While the circumstances of the apparently involuntary fortnight-long stay of Lebanese Prime Minister Saad Hariri in Saudi Arabia in November remain unclear, what is certain is that he and his family’s business dealings are under the scrutiny of the Saudi regime, which last month launched a spectacular” anti-corruption” crackdown led by the son of King Salman bin Abdulaziz, Crown Prince Mohammed bin Salman.
Immediately after arriving in the Saudi capital Riyadh early last month, Hariri announced his surprise resignation as prime minister of Lebanon, citing fears he was the target of an assassination plot and denouncing, in uncharacteristic language, Iran’s role in causing unrest in the Middle East, sending shockwaves throughout the region which threatened to plunge Beirut into renewed political chaos.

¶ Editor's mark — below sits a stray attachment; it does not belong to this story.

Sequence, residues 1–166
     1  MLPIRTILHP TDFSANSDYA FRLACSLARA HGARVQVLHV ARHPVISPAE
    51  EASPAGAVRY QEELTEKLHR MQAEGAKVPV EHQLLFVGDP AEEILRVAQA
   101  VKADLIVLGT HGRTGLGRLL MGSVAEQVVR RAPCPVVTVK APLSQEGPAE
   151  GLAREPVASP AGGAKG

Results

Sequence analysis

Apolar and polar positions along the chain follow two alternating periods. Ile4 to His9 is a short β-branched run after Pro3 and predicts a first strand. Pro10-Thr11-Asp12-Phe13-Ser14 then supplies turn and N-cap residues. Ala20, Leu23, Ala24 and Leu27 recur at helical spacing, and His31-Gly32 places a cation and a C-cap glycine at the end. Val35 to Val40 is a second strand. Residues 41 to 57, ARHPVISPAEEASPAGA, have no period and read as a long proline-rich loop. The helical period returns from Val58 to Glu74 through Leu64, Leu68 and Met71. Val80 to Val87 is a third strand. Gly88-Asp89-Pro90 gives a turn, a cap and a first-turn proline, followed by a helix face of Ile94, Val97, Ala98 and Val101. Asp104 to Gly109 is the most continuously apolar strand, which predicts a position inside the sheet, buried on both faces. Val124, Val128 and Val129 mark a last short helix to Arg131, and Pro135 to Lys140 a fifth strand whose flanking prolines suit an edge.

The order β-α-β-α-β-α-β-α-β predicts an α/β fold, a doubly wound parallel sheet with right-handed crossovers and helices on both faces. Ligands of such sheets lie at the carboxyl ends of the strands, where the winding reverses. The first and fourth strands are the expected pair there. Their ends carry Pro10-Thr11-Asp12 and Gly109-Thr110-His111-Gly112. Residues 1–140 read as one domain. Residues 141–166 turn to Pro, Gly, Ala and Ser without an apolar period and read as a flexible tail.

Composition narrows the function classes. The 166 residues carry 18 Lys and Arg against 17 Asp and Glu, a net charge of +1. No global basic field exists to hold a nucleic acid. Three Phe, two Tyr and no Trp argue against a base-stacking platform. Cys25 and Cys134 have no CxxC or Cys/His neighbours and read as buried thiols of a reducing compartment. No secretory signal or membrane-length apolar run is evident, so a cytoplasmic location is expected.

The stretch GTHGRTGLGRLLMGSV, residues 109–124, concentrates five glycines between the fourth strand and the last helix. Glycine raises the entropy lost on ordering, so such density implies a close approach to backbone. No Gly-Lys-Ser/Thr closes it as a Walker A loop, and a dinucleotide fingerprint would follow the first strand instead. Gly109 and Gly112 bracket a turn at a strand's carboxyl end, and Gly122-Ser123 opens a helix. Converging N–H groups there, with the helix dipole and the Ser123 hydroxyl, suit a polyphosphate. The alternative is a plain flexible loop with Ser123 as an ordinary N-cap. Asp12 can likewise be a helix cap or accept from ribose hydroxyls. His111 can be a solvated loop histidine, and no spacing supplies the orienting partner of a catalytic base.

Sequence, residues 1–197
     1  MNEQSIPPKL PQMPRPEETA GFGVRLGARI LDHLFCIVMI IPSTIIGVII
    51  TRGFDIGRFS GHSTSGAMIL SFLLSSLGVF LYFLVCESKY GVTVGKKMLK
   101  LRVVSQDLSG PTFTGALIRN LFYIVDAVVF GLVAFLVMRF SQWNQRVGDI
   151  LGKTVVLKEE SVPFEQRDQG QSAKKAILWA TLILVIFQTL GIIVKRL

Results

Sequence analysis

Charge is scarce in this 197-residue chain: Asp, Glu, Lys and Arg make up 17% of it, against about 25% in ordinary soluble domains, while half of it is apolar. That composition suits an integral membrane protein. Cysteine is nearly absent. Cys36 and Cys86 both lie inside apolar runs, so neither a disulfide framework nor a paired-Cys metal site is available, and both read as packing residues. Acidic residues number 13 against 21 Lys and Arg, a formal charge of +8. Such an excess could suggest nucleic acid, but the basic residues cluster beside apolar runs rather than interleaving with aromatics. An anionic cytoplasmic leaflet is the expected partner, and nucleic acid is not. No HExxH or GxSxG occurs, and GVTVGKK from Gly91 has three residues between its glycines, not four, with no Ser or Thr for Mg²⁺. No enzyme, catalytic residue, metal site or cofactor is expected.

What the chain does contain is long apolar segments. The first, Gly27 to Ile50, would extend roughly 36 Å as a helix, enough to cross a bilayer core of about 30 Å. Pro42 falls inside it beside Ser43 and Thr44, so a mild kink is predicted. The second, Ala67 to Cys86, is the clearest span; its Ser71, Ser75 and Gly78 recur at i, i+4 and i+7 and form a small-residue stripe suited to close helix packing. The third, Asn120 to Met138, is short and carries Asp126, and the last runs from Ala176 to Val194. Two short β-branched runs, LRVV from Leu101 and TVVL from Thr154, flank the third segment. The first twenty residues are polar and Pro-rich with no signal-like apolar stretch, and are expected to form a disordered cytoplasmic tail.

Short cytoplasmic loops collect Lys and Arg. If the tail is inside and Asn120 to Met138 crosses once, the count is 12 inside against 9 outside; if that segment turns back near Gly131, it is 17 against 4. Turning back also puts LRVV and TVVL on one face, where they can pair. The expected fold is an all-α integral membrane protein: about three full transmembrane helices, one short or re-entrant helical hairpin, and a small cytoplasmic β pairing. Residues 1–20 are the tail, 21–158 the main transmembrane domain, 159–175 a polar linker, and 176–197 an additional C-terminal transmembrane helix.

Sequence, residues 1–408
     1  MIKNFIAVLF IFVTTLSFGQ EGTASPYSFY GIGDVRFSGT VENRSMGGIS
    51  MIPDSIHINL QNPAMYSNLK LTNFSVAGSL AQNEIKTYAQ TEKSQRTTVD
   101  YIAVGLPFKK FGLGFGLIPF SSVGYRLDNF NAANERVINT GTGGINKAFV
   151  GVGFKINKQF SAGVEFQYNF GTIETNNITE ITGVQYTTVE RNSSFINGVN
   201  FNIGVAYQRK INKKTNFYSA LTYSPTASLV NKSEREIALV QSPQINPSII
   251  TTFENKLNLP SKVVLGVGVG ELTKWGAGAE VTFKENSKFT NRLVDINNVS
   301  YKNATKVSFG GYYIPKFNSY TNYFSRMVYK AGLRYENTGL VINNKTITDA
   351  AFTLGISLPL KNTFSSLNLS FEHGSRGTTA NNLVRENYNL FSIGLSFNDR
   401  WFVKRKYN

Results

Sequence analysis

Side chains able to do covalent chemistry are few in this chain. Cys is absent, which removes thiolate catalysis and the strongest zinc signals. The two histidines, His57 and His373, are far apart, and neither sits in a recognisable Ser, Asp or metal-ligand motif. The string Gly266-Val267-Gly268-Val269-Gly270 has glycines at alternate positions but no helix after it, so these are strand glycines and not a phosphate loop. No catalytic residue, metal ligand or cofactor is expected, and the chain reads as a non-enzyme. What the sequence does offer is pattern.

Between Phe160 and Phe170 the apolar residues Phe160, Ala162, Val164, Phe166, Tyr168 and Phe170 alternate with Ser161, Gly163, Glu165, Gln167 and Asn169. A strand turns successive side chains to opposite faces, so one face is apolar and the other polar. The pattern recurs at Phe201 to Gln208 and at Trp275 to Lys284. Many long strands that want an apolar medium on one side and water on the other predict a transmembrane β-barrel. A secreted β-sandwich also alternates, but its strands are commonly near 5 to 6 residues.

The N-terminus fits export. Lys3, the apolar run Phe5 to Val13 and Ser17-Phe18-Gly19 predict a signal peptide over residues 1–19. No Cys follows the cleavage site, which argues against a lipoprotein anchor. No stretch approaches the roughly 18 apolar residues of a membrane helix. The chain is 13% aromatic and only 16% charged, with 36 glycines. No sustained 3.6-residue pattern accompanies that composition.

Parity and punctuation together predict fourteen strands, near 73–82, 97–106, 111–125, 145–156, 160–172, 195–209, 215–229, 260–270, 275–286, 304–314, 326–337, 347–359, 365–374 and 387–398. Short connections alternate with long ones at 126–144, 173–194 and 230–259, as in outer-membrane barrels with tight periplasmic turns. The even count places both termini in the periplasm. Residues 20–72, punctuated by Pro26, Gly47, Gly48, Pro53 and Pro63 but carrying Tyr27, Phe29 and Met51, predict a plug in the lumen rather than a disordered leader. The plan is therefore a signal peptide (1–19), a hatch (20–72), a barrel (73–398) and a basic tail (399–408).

To all appearances, and notably in the view of Lebanese President Michel Aoun, Hariri had been forced by the Saudi regime into making the dramatic announcement, and was kept in Ryadh against his will. On his return to Lebanon via France on November 22nd, after intense diplomatic moves by Paris, Hariri withdrew his resignation, ending almost three weeks of crisis. But what exactly lay behind Hariri’s dash to Saudi Arabia and his resignation and outburst against Iran, seemingly imposed upon him despite his denials, remains the subject of speculation.